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ITC throws out Motorola patent suit against Apple

post #1 of 28
Thread Starter 
The U.S. International Trade Commission on Monday ended a two-and-a-half year patent suit leveraged by Motorola against Apple, throwing out the the case as the last of six patents-in-suit was found to be invalid.

Motorola Patent
Illustration from Motorola's '862 patent showing a hidden IR proximity sensor (134, 136) located near the speaker.


The ITC found invalid Motorola's U.S. Patent No. 6,246,862 for a "sensor controlled user interface for portable communication device," which describes a system that ignores inadvertent screen touches while on a phone call, chalking up another blow to Google's quest for an import ban against any iPhones breaching the property, reports FOSS Patents.

While the six-member Commission's final decision did not uphold an initial determination from Administrative Law Judge Thomas Pender, the effects of the findings are much the same.

In his most recent ruling, Judge Pender found Apple to be in infringement of the patent, but noted prior art from another earlier-filed Motorola patent deemed the patent-in-suit invalid for lack of novelty. The decision stemmed from an ITC order that Pender consider a possible violation after it cleared Apple of Motorola claims related to other patents for 3G technology. The December finding was the second time the judge has said there was no violation of the patent, which applies to a sensor used to determine the proximity of a person?s head to the device.

Instead of finding invalidity on Judge Pender's terms the Commission found the Motorola patent to be obvious over the earlier-filed patent along with common knowledge or another patent. Motorola's sensor patent was the last surviving property from its original complaint against Apple, first lodged in October 2010.

Google has the chance to appeal the ITC decision with the U.S. Court of Appeals for the Federal Circuit, where another decision on Motorola patents is already being argued.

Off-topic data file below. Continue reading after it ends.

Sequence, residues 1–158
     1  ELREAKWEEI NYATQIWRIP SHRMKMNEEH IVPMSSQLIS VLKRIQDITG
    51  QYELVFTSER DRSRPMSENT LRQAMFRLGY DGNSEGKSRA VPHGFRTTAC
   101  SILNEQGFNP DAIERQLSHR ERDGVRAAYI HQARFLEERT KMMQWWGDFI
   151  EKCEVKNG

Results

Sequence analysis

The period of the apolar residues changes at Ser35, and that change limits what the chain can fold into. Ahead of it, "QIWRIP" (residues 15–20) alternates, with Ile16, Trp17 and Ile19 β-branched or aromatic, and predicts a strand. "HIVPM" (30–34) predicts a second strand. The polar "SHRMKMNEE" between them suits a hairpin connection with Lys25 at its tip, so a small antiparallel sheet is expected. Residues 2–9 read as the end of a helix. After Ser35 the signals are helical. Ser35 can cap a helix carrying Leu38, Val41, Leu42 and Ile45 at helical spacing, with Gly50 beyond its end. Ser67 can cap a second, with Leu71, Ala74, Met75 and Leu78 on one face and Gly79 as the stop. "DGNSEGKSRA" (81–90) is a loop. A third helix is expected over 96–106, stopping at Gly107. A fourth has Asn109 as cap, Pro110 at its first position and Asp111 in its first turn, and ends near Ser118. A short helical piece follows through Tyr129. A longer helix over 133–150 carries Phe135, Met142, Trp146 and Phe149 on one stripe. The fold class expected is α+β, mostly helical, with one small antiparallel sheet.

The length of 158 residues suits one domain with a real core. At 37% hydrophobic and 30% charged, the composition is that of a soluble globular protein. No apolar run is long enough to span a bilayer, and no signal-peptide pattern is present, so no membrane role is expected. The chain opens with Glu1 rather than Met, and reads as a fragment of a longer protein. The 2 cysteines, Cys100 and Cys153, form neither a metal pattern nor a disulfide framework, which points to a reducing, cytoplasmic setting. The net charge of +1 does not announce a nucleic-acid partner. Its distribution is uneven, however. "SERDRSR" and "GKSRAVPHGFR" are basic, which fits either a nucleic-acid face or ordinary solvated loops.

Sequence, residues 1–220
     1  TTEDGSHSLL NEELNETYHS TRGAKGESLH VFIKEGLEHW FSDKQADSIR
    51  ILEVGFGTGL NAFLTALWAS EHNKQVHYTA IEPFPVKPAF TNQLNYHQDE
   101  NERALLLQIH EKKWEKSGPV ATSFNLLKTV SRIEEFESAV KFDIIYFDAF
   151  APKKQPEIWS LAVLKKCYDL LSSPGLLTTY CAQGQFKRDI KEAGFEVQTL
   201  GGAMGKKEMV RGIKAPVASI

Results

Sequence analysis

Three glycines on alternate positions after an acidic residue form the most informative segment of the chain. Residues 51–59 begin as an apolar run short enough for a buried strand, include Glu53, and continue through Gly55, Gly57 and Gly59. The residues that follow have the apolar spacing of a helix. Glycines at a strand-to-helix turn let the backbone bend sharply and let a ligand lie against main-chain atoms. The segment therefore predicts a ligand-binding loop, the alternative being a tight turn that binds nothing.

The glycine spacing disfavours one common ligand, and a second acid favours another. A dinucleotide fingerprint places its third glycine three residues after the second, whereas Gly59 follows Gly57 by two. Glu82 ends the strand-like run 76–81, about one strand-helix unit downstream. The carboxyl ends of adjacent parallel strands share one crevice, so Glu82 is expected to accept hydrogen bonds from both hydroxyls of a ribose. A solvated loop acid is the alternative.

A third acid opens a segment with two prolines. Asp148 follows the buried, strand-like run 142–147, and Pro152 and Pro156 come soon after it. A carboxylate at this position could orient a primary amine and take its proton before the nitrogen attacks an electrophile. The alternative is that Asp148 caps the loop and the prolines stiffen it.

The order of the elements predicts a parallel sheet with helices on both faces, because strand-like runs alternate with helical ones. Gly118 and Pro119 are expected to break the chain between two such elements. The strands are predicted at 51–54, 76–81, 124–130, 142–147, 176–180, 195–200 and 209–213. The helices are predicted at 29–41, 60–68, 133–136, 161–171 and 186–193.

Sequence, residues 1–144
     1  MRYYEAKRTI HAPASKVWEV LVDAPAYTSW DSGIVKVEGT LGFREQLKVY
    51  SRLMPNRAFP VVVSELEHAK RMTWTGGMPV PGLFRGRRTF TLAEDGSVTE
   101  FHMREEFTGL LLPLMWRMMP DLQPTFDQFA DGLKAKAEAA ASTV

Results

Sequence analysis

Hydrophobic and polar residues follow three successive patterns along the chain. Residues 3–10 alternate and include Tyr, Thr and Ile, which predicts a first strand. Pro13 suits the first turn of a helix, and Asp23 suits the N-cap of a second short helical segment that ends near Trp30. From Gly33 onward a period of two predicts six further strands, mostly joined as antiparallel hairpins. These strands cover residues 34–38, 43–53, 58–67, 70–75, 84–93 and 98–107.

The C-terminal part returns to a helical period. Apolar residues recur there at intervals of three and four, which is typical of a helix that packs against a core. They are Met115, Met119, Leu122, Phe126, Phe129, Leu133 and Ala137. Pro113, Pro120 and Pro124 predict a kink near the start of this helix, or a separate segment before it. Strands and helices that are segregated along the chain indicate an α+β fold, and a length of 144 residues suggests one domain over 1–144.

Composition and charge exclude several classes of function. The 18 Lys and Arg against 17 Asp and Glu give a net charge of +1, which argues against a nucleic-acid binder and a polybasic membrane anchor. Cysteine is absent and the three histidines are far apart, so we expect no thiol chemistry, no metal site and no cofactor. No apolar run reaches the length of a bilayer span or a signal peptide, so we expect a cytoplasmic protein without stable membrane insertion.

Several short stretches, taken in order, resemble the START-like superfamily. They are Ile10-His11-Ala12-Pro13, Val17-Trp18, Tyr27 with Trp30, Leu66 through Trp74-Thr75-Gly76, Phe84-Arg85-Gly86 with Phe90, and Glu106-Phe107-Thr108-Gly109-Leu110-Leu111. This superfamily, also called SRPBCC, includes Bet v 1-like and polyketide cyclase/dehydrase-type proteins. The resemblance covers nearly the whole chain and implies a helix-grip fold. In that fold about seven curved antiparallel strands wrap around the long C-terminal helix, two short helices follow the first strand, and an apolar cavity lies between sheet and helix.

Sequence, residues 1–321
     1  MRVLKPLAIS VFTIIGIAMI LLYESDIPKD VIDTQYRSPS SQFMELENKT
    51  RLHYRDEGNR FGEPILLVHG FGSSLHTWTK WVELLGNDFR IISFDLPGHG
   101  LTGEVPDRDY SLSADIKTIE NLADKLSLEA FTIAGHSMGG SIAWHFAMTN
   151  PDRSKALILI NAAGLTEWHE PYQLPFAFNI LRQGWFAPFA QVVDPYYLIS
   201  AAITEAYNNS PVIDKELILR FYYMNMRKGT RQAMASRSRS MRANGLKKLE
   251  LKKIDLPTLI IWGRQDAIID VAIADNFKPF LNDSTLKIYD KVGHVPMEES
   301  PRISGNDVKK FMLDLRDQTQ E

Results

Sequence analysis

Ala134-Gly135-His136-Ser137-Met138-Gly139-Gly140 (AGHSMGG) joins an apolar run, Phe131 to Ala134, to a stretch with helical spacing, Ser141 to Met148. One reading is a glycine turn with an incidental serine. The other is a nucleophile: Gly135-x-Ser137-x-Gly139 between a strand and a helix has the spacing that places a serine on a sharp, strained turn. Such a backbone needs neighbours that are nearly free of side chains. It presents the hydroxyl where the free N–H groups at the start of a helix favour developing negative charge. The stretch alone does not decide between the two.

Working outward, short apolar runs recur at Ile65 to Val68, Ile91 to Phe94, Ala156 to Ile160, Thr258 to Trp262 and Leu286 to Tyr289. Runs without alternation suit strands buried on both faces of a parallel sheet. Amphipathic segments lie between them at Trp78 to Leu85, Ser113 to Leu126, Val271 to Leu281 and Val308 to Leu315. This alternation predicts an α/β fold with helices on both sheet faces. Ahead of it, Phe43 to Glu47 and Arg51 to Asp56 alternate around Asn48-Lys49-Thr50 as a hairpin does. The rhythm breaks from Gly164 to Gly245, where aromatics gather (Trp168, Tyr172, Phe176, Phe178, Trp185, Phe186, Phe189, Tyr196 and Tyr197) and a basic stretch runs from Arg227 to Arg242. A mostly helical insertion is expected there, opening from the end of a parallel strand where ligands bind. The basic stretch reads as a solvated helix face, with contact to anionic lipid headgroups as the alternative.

post #2 of 28
Looks like those billions spent by Google are really paying off. /s

Schmidt just hit the fan.

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post #3 of 28
I sincerely hope they let it go now. While Google didn't have anything to do with that case they now have a chance to end it.
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post #4 of 28
And Apple's stock will start rebounding. People have been wondering how is it this stock is taking a beating. Wall Street has been betting the lawsuit victories for Apple would be few and far between.

They bet wrong.
post #5 of 28
Quote:
Originally Posted by mdriftmeyer View Post

And Apple's stock will start rebounding.

 

The current stock price has little to nothing to do with this lawsuit, regrettably. It's all about Apple giving in to the asinine advice of Wall Street raiders.

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post #6 of 28

Purchasing Motorola = $12.5 Billion dollars

 

Not being able to sue Apple under the Motorola name, while having Samsung overtake your mobile operating system thunder = priceless!

post #7 of 28
Quote:
Originally Posted by majjo View Post

From what I've read, Google paid closer to 1.5b net for motorola. Which, if true, seems like a damn good deal to me.

Uh huh. If you make up numbers and use fuzzy math, it's amazing what you can come up with.
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Gatorguy 5/31/13
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post #8 of 28
Quote:
Originally Posted by majjo View Post


From what I've read, Google paid closer to 1.5b net for motorola. Which, if true, seems like a damn good deal to me.

 

 Google paid 12.9 billion in cash. Motorola had cash on hand bringing the true cost down, but I assume it also had debt perhaps bringing the cost up. On top of that, Google has had to cover Motorola losses since the purchase. Whether it was a good investment or not, I suppose only time will tell. The true cost is hard to tell.


Edited by TBell - 4/22/13 at 4:08pm
post #9 of 28
yes that is some good info
post #10 of 28
Quote:
Originally Posted by majjo View Post

By fuzzy, I assume you're talking about the tax benefits. Even discounting that, there's nothing fuzzy about the 2.35b sale of the setup box division, or the 3b in cash Motorola had on hand. So the high price that Google paid is around 7b.

So in your world, $7 B (even if your numbers are correct) is the same as $1.5 B?

See what I mean about fuzzy math?